JustOneMorePet

Every Pet Deserves A Good Home…

Happy Easter 2014 From JOMP

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Angelina Not A Chocolate Bunny Pup - 2009

Oops… That is not a bunny, it’ our Angelina~

Old softie: The unlikely friendship between a golden retriever and flock of fluffy chicks is revealed in a series of close-up photos captured by Los Angeles-based photographer, Candice Sedighan

Gentle Giant… Befriends Some Cuddly Chicks

Easter_Bunny_Laughing

Easter Candy Cautionary Warning for Pets

 

April 21, 2014 Posted by | Animal and Pet Photos, animal behavior, animals, Dogs, Dogs, Holidays With Pets, If Animlas Could Talk..., Just One More Pet, Pet Friendship and Love, pet fun, Pets, We Are All God's Creatures | Leave a comment

Does your dog see Ghosts? I think My Aspen did…

IMG_2178No Dog About It Blog: I was listening to a local radio station the other morning when the radio host shared a freaky story with all his listeners. It reminded me of my late dog Aspen.

The radio host shared that he had been at home napping with his dog when the dog moved and then sat up and stared at the closet and started to growl. He stayed focused on the closet (and growling) and got up and ran towards the closet. Then suddenly, just before he reached the closet, he came to a dead stop, looked up at the ceiling and then turned around and looked just above the radio host’s head, and growled. The radio host could not get his attention by calling his name and eventually went and got him and brought him back to the bed with him. Of course, he was totally freaked out (as was I!). What the heck did his dog see? Was his house haunted?

When Aspen was alive, she used to do something similar. We would be sitting on the couch watching TV when she would suddenly turn her head towards the entry area near my front door and stare. Sometimes she would even sit up and stare at the upper corner by the front door. I often couldn’t distract her from it either.

There is something freaky about a dog seeing something you cannot see. I cannot tell you how much that used to freak me out. I now think it may have been the front screen door moving in the wind, but it definitely was something that used to set me on edge.

Now that Maggie is here and she too looks all over as if something is moving along the ceilings, I am reminded of Aspen and that familiar tingle along the back of my neck.

Has your dog ever done something like this before? Does your dog act as if someone is not there?
I would love to hear your stories.  Check some of the comments and stories HERE

April 15, 2014 Posted by | animal behavior, Animal or Pet Related Stories, Dogs, Dogs, If Animlas Could Talk..., Just One More Pet, Man's Best Friend, Pets, Unusual Stories | Leave a comment

Gentle Giant… Befriends Some Cuddly Chicks

The unlikely friendship between a golden retriever and flock of fluffy chicks is revealed in a series of close-up photos

By Sadie Whitelocks  -  MailOnline: PUBLISHED: 14:48 EST, 31 March 2014 | UPDATED: 16:05 EST, 31 March 2014 –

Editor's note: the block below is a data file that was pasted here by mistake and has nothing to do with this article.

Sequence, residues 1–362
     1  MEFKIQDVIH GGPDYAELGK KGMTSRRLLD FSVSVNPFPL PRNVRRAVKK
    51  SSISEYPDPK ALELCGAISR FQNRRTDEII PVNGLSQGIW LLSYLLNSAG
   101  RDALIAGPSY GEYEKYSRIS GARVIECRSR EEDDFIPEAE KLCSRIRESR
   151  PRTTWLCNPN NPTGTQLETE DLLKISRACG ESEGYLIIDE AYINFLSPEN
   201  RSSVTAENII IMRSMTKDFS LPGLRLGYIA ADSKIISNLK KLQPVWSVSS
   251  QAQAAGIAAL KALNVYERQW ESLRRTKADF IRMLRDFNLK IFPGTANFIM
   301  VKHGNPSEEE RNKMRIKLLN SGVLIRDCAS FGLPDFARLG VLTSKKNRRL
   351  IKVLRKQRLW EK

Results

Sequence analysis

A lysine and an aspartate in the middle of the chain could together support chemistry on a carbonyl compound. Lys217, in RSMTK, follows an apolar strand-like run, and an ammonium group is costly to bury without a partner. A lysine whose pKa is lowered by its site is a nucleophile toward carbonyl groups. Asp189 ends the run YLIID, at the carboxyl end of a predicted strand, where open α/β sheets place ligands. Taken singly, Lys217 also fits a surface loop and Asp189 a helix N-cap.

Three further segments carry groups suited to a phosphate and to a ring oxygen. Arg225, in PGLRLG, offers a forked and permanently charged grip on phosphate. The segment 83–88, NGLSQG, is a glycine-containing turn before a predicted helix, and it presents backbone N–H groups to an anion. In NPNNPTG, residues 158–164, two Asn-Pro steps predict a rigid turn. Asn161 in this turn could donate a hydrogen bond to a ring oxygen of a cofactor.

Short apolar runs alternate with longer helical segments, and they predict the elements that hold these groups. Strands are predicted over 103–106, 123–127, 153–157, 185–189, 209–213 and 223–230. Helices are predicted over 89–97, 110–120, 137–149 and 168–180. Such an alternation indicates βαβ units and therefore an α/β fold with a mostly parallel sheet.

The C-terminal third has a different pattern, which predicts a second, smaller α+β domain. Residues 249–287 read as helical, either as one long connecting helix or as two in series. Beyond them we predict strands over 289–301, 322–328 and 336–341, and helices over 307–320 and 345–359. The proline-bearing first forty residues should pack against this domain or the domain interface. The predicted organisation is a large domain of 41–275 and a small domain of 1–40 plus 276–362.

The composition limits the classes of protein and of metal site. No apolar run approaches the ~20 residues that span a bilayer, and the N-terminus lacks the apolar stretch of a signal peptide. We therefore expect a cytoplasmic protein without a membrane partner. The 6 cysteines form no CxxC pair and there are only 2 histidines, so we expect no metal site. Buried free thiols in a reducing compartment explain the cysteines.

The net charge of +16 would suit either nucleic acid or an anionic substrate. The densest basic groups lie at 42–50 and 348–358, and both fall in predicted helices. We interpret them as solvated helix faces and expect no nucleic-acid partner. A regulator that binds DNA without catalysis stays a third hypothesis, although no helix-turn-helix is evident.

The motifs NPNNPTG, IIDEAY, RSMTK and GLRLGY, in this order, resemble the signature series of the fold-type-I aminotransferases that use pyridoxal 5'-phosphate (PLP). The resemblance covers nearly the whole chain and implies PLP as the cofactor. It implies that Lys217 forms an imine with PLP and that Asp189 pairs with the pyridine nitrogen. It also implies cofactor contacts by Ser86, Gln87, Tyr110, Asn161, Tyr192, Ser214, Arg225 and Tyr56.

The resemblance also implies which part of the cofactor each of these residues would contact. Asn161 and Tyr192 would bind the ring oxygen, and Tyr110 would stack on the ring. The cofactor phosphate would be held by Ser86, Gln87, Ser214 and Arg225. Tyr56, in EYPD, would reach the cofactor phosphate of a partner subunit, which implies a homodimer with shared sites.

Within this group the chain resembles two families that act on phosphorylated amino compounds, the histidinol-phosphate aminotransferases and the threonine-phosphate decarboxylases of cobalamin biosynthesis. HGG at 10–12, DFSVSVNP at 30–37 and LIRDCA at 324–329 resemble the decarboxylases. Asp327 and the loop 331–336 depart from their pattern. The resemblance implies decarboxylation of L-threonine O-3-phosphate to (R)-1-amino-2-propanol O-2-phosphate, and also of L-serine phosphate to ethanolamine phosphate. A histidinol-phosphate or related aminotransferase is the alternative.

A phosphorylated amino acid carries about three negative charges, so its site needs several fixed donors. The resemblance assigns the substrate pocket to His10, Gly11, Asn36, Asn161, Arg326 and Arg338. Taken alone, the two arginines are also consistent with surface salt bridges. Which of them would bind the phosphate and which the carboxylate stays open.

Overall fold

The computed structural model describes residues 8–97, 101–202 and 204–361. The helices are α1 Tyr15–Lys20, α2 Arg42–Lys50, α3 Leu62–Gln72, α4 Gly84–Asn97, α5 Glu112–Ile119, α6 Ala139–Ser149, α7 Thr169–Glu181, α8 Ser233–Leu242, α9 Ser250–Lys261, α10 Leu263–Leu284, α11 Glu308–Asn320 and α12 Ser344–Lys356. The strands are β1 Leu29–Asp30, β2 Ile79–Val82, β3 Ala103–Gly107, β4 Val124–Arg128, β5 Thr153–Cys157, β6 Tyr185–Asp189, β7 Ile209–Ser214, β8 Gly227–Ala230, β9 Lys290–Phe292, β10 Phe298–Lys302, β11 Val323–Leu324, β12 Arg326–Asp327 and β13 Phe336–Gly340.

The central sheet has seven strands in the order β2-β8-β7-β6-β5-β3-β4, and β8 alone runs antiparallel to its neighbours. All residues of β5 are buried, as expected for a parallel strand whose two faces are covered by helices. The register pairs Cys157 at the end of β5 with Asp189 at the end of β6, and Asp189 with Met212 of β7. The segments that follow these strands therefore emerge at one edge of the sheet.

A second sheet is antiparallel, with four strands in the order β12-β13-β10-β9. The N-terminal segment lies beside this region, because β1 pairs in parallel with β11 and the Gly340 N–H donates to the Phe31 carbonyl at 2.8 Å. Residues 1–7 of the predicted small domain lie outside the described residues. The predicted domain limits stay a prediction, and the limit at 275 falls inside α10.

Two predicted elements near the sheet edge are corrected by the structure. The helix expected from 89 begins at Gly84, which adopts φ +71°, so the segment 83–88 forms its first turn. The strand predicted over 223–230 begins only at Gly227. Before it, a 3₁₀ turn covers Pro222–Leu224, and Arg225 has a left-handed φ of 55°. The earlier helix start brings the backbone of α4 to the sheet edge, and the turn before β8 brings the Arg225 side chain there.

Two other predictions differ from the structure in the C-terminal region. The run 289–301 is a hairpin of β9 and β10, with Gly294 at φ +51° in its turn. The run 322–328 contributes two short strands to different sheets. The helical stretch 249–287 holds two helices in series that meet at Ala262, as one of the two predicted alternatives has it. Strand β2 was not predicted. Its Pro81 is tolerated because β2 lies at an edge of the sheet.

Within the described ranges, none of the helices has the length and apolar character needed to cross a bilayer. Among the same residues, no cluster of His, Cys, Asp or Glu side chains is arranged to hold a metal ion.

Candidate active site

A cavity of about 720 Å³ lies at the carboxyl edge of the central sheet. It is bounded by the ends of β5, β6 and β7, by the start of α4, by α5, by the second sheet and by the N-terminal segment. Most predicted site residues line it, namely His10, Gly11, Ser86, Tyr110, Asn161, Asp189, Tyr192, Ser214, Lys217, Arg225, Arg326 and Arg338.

Los Angeles-based photographer Candice Sedighan, 21, decided to demonstrate just how ‘gentle’ her pet dog Champ is, by letting him loose with a group of newly-hatched birds.

In one of her images the canine is seen patiently modeling a top hat and, incredibly, a little yellow chick perches on top wearing a matching piece of miniature head gear.

Old softie: The unlikely friendship between a golden retriever and flock of fluffy chicks is revealed in a series of close-up photos captured by Los Angeles-based photographer, Candice Sedighan

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Old softie: The unlikely friendship between a golden retriever and flock of fluffy chicks is revealed in a series of close-up photos captured by Los Angeles-based photographer, Candice Sedighan

Miss Sedighan said the chick’s hat came from a Lego set.

She taped the accessory to string and balanced it over the animal’s head to give the appearance of it being worn.

In another shot Champ is is seen lovingly nuzzling his newfound friends – which were rescued from a hatchery – being careful not to squash them with his paws or torso.

Double act: In one of her images the canine is seen patiently modeling a top hat and, incredibly, a little yellow chick perches on top wearing a matching piece of miniature head gear

Double act: In one of her images the canine is seen patiently modeling a top hat and, incredibly, a little yellow chick perches on top wearing a matching piece of miniature head gear

Strike a pose: Some commenters have accused Miss Sedighan of Photoshopping her images as they have an almost 'unreal' quality - However, the young photographer says in defense that she just has an 'an extraordinary trained model'

Strike a pose: Some commenters have accused Miss Sedighan of Photoshopping her images as they have an almost ‘unreal’ quality – However, the young photographer says in defense that she just has an ‘an extraordinary trained model’